FERC proposes rulings on GMD, vegetation management

FERC has issued proposed rulings for standards that would both address the day-to-day operations of supplying electricity and prepare the industry for emerging issues.

Two notices issued by FERC on Oct. 18 propose the approval of a revised vegetation management standard and the requirement of new standards addressing the effects of a geomagnetic disturbance (GMD) on the bulk power system.

“These reliability orders address two distinctly different challenges and represent two different approaches to maintaining reliability,” Commissioner John Norris said in a statement. “Like a cyber attack, the potential size and duration of an outage that could result from a GMD demands that we take the precautions necessary to prevent, limit, or contain the potential impact.”

FERC’s notice of proposed rulemaking (NOPR) on GMDs would direct the North American Electric Reliability Corporation (NERC) to develop and submit new GMD standards in a two-stage process.

NERC would begin the process by filing standards requiring owners and operators to develop and implement operational procedures to mitigate GMD effects. NERC would then file standards that require grid owners and operators to conduct initial and continuing assessments of the potential impacts of GMDs.

Based on those assessments, owners and operators would implement strategies to protect the bulk power system, including automatic blocking of geomagnetically induced currents, instituting specification requirements for new equipment, inventory management, or isolating certain equipment that is not cost effective to retrofit.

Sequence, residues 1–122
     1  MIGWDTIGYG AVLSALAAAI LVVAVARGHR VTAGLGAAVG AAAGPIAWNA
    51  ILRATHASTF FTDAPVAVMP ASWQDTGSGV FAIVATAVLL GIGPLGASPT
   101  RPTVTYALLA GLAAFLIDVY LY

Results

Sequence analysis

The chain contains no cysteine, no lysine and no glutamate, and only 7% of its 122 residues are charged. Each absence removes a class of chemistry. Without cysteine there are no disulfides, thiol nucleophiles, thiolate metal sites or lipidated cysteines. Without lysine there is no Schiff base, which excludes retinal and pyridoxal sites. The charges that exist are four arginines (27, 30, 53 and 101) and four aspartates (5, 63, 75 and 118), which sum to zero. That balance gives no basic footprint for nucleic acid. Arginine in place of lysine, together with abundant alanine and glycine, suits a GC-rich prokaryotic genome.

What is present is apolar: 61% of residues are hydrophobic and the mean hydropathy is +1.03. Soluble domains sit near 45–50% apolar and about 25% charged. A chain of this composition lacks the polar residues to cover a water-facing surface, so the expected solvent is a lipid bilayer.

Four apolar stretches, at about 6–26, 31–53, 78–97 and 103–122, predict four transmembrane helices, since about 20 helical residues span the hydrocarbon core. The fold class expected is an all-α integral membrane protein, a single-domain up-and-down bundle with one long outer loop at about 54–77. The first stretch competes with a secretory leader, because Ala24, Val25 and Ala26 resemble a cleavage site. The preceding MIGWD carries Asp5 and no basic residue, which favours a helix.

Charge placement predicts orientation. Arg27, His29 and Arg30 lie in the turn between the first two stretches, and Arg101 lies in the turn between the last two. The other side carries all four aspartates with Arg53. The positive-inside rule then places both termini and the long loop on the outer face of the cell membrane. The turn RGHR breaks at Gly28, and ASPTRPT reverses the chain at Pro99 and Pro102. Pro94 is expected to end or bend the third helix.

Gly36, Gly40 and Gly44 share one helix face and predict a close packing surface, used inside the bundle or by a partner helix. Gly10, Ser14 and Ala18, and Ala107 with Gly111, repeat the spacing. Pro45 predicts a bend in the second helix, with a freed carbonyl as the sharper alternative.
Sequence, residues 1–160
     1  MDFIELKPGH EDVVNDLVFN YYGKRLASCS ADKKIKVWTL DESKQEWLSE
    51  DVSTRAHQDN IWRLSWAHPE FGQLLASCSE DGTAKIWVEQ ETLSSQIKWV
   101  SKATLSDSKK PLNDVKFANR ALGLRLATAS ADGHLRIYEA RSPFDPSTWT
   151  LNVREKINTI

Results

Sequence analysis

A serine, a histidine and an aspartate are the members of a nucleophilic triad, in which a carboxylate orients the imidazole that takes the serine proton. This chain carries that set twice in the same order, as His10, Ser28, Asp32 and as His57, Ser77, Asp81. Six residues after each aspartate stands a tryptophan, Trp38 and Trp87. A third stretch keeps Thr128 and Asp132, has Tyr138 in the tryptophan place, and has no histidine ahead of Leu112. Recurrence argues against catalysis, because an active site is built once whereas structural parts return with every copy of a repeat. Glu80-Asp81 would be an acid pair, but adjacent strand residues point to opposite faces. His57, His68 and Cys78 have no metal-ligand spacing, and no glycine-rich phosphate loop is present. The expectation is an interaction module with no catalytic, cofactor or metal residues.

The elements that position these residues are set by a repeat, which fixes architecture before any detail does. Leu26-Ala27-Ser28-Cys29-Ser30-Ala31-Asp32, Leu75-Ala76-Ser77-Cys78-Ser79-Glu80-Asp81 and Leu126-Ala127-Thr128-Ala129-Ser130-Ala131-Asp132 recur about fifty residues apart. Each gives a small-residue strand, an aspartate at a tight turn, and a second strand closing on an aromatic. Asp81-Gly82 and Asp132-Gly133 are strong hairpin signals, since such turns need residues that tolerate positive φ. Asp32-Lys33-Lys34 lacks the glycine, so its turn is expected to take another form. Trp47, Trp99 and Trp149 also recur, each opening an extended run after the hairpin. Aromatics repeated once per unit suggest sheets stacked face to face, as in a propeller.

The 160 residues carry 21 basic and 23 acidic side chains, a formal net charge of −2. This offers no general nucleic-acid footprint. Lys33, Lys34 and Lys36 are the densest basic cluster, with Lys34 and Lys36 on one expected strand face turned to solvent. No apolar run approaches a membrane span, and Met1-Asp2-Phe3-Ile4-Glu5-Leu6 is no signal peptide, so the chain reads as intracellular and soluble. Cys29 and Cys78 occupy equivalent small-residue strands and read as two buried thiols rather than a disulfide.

A separate NOPR on vegetation management proposes approval of a revision submitted by NERC in December 2011 that would expand application of the standard to include lines below 200-kV that are part of an Interconnection Reliability Operating Limit or a Major Western Electricity Coordinating Council Transfer Path. The revision also would set a new minimum annual inspection requirement and incorporate new minimum clearance distances.

“The standard we propose to approve is one of the first results-based standards put forward by NERC,” Commissioner Cheryl LaFleur said in a statement. “Because the standard is judged by results, it proposes to give more flexibility to transmission owners about how to meet those results, as long as they are met. This is an important concept, and the successful implementation of this standard may be a model for further results-based standards.”

While the technical community has debated whether GMDs from solar events would cause the bulk electric system to break down or cause damage to high-voltage transformers and other key elements of the system due to inductive currents, LeFleur added, “any of these results is unacceptable, and is exactly the sort of cascading disturbance to the bulk power system that section 215 of the Federal Power Act requires us to address.”